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Seven things your CEO won’t tell you about office politics

Office Politics. You want to think that it doesn’t exist but it does.

When I tell people that I help people help others navigate the rocky shoals of political the politics in organisations, a very large percentage of them say:

I don’t play politics…

The very woman who first engaged me to train her stuff in political acumen told me she didn’t play politics. And yet politics is important. Very few people believe there playing, but they are there are so many injuries, a flawed leader board, and retired ball players ready to jump back in and get their hands dirty again.

Here are seven things your CEO won’t tell you about office politics. Seven things you are better off knowing.

1. It is everywhere

Politics exists because we care. While the movies and TV world would have us believe the contrary, people who care don’t just breed happy families and kind workplaces. They also breed unhappy families and unkind workplaces.

The issue is in caring.

And I’m not saying you shouldn’t care. You should. You need to be in a place where what you care about is aligned with what other people care about.

Fran is all about efficiency. She is fighting for a better, more efficient tomorrow. Because we can afford to do more if we are efficient.

Maxine and Fran are always at loggerheads because Maxine cares more about worker participation in decision-making. Where that isn’t efficient then she and Fran either clash or run political plays so they don’t have to clash.

At least in this case politics is a way of avoiding conflict, but it ends up causing conflict too.

If there is more than one agenda and more than 2 people then politics results.

So it is everywhere. Wherever someone cares about something and their colleague boss or staff care about something different, there’s politics.

2. Even not playing is playing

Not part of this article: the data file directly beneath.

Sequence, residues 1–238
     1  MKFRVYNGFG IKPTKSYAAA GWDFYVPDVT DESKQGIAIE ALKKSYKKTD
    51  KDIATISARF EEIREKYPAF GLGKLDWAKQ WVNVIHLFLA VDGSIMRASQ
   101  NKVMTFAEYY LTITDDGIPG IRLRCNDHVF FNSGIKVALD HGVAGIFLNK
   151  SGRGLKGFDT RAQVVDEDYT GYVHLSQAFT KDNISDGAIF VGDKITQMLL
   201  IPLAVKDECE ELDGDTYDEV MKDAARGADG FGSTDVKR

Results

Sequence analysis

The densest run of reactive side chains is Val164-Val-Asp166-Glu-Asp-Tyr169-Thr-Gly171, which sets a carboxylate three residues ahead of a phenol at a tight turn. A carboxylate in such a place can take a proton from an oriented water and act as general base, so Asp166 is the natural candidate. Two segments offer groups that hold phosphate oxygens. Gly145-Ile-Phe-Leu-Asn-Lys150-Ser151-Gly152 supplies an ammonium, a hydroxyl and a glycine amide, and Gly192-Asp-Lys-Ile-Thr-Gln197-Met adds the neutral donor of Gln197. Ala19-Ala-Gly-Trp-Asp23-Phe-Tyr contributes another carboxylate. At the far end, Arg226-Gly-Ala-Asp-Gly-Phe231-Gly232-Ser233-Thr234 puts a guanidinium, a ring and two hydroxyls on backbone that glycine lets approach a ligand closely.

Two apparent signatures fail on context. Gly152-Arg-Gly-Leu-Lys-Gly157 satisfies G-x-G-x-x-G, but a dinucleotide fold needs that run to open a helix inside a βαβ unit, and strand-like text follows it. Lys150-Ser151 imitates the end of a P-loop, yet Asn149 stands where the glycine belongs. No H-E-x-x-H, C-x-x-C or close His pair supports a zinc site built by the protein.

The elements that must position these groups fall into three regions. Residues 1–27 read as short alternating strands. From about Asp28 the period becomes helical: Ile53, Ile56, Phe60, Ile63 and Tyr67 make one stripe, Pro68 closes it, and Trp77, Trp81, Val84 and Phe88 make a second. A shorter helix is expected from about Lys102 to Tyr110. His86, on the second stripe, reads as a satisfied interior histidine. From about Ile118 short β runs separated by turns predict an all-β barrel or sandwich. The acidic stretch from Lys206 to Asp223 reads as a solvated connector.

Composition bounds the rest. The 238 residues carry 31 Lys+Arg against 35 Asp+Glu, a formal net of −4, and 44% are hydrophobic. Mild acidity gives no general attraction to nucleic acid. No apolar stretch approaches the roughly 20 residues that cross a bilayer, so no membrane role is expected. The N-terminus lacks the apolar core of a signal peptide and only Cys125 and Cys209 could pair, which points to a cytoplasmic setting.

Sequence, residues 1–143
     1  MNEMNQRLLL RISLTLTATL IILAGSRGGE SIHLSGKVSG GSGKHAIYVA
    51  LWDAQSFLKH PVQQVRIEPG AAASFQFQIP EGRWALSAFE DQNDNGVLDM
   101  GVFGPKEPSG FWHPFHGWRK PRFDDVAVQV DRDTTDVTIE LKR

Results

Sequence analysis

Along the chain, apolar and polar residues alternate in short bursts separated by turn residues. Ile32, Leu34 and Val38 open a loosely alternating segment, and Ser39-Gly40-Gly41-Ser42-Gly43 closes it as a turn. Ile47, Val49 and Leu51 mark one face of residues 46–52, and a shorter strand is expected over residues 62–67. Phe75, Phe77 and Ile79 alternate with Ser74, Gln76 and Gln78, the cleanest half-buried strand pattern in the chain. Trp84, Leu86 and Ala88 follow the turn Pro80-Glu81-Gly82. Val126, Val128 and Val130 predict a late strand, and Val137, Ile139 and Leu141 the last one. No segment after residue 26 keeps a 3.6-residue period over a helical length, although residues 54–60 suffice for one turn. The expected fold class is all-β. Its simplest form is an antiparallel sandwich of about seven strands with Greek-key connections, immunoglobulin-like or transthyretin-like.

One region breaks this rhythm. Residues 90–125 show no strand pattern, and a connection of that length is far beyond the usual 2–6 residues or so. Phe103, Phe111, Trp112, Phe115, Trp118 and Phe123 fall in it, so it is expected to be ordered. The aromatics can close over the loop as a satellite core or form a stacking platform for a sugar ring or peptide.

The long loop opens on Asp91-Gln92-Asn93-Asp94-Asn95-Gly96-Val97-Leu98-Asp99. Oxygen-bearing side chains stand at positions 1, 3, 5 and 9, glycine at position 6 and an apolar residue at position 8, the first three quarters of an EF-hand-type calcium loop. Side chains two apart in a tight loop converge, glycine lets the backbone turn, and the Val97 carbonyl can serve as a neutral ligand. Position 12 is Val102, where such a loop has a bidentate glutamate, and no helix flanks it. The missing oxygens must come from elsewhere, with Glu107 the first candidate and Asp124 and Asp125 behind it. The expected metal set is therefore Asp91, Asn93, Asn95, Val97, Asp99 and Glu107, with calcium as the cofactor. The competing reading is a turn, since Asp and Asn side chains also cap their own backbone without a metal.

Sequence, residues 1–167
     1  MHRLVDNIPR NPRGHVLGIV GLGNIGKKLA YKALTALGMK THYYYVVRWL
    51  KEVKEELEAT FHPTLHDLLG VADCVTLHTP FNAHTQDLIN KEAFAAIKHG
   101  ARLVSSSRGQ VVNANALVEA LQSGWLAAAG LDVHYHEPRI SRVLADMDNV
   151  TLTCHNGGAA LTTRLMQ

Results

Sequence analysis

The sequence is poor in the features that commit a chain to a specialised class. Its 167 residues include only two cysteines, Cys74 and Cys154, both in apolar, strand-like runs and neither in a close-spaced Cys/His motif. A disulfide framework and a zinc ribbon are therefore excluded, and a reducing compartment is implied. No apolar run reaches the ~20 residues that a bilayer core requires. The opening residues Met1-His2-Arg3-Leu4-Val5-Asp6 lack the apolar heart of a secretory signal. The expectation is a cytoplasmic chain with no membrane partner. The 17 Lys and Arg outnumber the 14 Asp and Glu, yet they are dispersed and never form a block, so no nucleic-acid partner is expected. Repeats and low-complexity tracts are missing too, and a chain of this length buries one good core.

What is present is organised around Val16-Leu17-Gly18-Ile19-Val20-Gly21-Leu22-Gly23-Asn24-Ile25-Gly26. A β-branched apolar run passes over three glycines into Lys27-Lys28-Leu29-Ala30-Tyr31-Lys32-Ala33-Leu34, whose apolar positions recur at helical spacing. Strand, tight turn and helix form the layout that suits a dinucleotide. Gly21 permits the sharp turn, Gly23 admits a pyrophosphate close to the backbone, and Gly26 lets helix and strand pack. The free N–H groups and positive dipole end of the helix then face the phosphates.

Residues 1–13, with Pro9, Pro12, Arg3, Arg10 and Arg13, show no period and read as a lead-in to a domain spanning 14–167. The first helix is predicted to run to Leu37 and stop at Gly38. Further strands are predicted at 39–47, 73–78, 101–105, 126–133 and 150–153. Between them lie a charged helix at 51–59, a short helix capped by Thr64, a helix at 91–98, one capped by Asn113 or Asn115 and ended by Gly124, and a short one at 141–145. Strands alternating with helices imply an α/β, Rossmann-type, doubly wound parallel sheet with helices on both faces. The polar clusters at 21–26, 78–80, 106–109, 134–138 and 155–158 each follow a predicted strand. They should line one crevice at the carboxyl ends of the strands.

All those young innocents who say they won’t play or don’t play are either oblivious, or being used as pawns in someone else’s game. Maybe you can stay off the field of politics but when you don’t know where the field starts or ends or what the game is then you can find yourself picnicking in a big green fields in where a rough game of rugby is in progress (watch out!).

3. We all play

Anyone who is pleasing a client, trying to mind read their boss, or getting a colleague to help them on a deadline is playing politics.

Just sometimes we think we are just being kind.

Or doing the right thing.

Or just doing a job.

Politics is caring about your job, your boss, your reputation, your products, the quality of your customer experience, the quality of your work.

So we are all playing when we care.

4. The unwritten rules matter

Every organisation has unwritten rules. Rules like no one listens to anyone who doesn’t outrank them. Or Research is king. Marketing trumps sales. Sales trumps Warehousing.

These are unwritten rules because no one needs to write them down.

The unwritten written rules make your organisational culture.

Contravening the unwritten rules is how you make a political faux pas.

5. Not all the important people have titles

The CEO has coffee with the head of marketing every morning.

The head of accounts is the marketing guy’s sister-in-law.

The receptionist plays squash with the CEO’s administrator.

People are connected.

Titles matter. But so do connections. Connections are how we build agreement on what we care about and what we care about is what counts in politics.

6. You cannot trust your boss.

You cannot trust your boss.

And you can trust your boss.

Just being your boss doesn’t make them trustworthy. Their values, what they care about, and how that lines up with what you care about, that’s what makes them trustworthy.

Remember that our values change over time. If there’s a choice between feeding their family and feeding yours most bosses will choose their own.

7. There’s more, they just won’t tell you what it is

You have to watch. that will give you the 7th one…

For more articles on office politics, click here.

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